A Year for the Strange and Unusual

Looking back over the behaviour of the financial markets this year, the one thing that can be said with confidence is that they have not lost their inordinate capacity to surprise. The month of September was a good case in point. Not only did it turn out to be a barnburner of a month for equities, reversing the poor performance more typically associated with the month, but it also saw equities, bonds and gold all rise in value at the same time, the first time that this affront to market normality has happened since the 1930s.

We have also seen the remarkable spectacle of investors buying index-linked gilts to lock in a negative return, and large corporation issuing long-dated corporate debt at rates – yields of less than 1% – that appear to defy all experience. According to Bill Miller of Legg Mason, the year has presented a great best buying opportunity in equities, which have not been this cheap since the 1950s. Yet, according to another fund manager, writing to his shareholders a few weeks ago, there no longer appear to be any asset classes which represent compelling value at today’s prices.

It all makes for one of the most fascinating market environments that I can recall. All those years in the 1990s when bonds and equities churned out double digit returns seemingly year after year now feel like a distant memory – not of course that those periods appeared so straightforward at the time, as anyone who can recall the dramas of 1991 (the Salomon Brothers affair), 1992 (Soros et al and the ERM), 1994 (the bond market collapse), 1997 (Asian crisis) and 1998 (Russian default, LTCM) will readily testify.

The striking thing about recalling these past episodes is that it is possible to make a plausible case that we could see an imitation rerun of nearly all of them in due course.  That the euro is ultimately vulnerable to fragmentation needs no elaboration, given the market’s run at Greek and now Irish debt. Some form of 1994-style rout in the bond market seems unavoidable in the next few years. The risk of a fresh market-induced disruption in emerging markets too, although it is almost certainly some way away, is also growing by the day.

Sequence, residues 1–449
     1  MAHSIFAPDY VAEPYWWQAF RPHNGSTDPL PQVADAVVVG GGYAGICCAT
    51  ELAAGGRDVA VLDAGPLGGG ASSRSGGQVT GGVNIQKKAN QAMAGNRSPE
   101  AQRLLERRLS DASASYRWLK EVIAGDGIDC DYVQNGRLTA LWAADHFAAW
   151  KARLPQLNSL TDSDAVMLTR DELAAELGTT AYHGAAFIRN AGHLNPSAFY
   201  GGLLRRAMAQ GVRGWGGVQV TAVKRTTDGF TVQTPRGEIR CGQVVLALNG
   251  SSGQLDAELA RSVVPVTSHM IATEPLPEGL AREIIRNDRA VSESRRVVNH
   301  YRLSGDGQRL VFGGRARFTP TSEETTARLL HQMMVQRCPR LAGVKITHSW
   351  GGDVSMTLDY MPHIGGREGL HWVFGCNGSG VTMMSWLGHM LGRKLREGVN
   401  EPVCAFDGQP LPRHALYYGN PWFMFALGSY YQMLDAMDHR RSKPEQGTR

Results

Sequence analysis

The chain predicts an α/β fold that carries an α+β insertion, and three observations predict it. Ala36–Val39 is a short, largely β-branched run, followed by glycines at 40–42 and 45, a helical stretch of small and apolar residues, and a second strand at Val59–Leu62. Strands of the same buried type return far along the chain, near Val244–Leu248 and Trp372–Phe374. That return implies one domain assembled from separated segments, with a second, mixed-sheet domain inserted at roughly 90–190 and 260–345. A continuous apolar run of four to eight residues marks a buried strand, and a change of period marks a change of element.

The problem for investors is not that these risks are in any way concealed from view – in fact the more visible they are, the less of a concern – but that some tried and tested tools to analyse the right course through them are lacking. The consequence of the deliberate monetary stimulus now being masterminded by the Federal Reserve, and imitated in other places, is not just that it is distorting asset prices, but that it is also rendering useless the traditional anchors on which valuations and investment choices are based.

When interest rates all the way along the yield curve are being targeted for manipulation on an unprecedented scale, few market prices can be trusted. What today is the risk-free rate? You won’t find it by looking in the traditional places. It is no accident that one of the star performers in the markets over the last few years has been gold, the one asset that cannot be valued by conventional means. Its lustre will remain as long as large parts of the world economy continue to be force-fed negative real interest rates.   

The massive injection of zero-interest rate funds into the US and other economies has been likened, memorably, by the strategist Don Coxe to the battlefield use of heroin for wounded soldiers. Essential in the short term, the challenge for the doctors is to wean the patients off the pain-killer before they become addicts, unfit for either military or civilian life.  If interest rate futures are right, it means that Mr Obama could be the first American President in history to complete a whole term within a zero interest rate environment. “There is no historic precedent for such sustained stimulus”, notes Mr Coxe, “which means no one can predict what longer-term damage it will inflict”. 

That is surely unarguable. It also means, one suspects, that investment performance in an era of rootless valuations will continue to be vulnerable to violent changes in market sentiment. When hardly anyone knows what anything is worth, almost anything can behave like a bargain for a while. All bull markets sow the seeds of a subsequent crash, but while the path of least resistance for equities still looks to be upward from here, it is hard to avoid the conclusion that the end game of today’s strange and unusual market conditions will be painful for many when it comes.  

The only asset class whose merits appear to be built on firm foundations in this environment are commodities, where the medium term arguments for higher prices, driven by demographics and changing dietary patterns in developing countries, are turning out to have survived the financial crisis remarkably intact. Despite the current surge of speculative interest, which has taken several commodities into overbought territory, it will be a surprise if this asset class at least fails to continue to perform for another five years at least.